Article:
Circumstances today make it much easier for outbreaks to occur: people living closer together making a massive outbreak much easier, worldwide travel becoming much more common which spreads diseases farther and quicker, and changes in the environment causing unpredictable results. Human beings are seeing things they have never had to face before, which makes the lack of research and development–while scary–entirely understandable.
The CDC Urgent and Serious List
The CDC has compiled a list of concerning pathogen threats to our society as of recently. These include:
- Clostridium Difficile (CDIFF)
- Carbapenem-Resistant Enterobacteriaceae (CRE)
- Neisseria gonorrhoeae
- Multidrug-Resistant Acinetobacter
- Drug-Resistant Campylobacter
- Fluconazole-Resistant Candida
- Extended Spectrum Enterobacteriaceae (ESBL)
- Vancomycin-Resistant Enterococcus (VRE)
- Multidrug-Resistant Pseudomonas Aeruginosa
- Drug-Resistant Non-Typhoidal Salmonella
- Drug-Resistant Salmonella Serotype Typhic
- Drug-Resistant Shigella
- Methicillin-Resistant Staphylococcus Aureus (MRSA)
- Drug-Resistant Streptococcus Pneumoniae
- Drug-Resistant Tuberculosis
- Vancomycin-Resistant Staphylococcus Aureus
- Erythromycin-Resistant Group A Streptococcus
- Clindamycin-Resistant Group B Streptococcus
Notice anything familiar up there? There are quite a few foodbourne illnesses on the list.
How can you help?
We can’t expect the WHO, CDC, and other health organizations to magically eliminate all the germs, diseases, and food poisoning possibilities in the world. We need to make it our own responsibility to not unwittingly spread illnesses, and if we do encounter potential disease-causing situations or properties, that we tend to them appropriately.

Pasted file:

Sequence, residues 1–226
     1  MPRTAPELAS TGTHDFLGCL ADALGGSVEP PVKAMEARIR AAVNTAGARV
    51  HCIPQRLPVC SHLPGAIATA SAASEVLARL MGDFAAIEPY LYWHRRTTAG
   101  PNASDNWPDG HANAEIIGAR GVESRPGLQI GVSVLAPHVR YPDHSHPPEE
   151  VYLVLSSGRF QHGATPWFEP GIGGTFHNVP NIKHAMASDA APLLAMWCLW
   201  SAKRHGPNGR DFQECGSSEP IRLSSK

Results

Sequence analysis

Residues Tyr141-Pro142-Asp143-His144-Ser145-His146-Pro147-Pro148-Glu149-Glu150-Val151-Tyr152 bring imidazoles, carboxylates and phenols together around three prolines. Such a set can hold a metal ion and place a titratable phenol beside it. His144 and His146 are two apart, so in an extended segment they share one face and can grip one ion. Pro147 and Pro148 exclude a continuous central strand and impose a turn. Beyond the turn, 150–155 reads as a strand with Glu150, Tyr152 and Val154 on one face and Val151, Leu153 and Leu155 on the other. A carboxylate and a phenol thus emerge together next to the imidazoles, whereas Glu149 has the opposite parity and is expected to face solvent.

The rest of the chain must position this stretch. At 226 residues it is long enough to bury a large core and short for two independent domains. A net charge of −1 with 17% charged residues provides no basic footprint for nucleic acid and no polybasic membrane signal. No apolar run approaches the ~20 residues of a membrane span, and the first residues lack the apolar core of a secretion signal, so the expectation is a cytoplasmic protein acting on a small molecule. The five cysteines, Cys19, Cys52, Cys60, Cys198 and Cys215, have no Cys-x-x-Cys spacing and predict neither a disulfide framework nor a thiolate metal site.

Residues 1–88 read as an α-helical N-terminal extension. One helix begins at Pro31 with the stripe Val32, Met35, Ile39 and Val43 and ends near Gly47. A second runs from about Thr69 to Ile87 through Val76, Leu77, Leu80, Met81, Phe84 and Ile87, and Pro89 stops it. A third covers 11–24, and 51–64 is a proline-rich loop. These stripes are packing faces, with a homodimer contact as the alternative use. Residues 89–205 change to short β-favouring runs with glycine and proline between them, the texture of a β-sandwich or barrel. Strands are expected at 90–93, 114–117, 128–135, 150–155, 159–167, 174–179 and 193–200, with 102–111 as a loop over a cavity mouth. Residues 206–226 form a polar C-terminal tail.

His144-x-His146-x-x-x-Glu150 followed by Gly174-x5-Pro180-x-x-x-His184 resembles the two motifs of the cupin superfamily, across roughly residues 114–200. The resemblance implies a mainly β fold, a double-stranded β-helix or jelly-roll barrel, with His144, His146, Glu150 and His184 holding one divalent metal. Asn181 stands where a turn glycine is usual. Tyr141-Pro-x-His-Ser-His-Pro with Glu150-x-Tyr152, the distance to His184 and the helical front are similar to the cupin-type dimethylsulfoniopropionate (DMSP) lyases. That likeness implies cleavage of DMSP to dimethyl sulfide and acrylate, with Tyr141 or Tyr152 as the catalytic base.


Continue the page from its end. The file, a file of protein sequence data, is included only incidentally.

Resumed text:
Simply, this translates to:
- Washing your hands often, especially before and after preparing food, after touching germy areas like bathrooms, doorknobs, and other public places.
- Keep up with your vaccinations. Immunization can drastically improve your ability to prevent spreading disease.
- Travel wisely. Don’t fly when you’re sick, and depending on where you travel, be sure to get whatever immunizations you may need. Also, don’t travel to places where an outbreak is currently underway.
- Don’t share personal items, especially in the area of hygiene: such as toothbrushes, hair brushes, makeup, utensils, drinking bottles and glasses, etc.
- Keep things clean! Disinfect “hot zones” such as kitchens and bathrooms where disease is easily spread.
- Report all food poisoning or other disease-related instances appropriately, and seek out your doctor for proper treatment. Reporting helps health agencies find out that there is indeed a problem, and begin to put the wheels in motion to help eliminate it.
Disease and illness, unfortunately, is part of life on earth. Handling outbreaks appropriately must also be a part of life in order for life to continue. The WHO, CDC, and other health organizations are doing what they can to research known diseases and come up with solutions for eliminating them, but we can’t expect them do get all the answers immediately, or for their answers to be entirely effective. We must also do our part–as little or as much as we can–to prevent the spreading of disease.
By: Abigail Ryan, Contributing Writer (Non-Lawyer)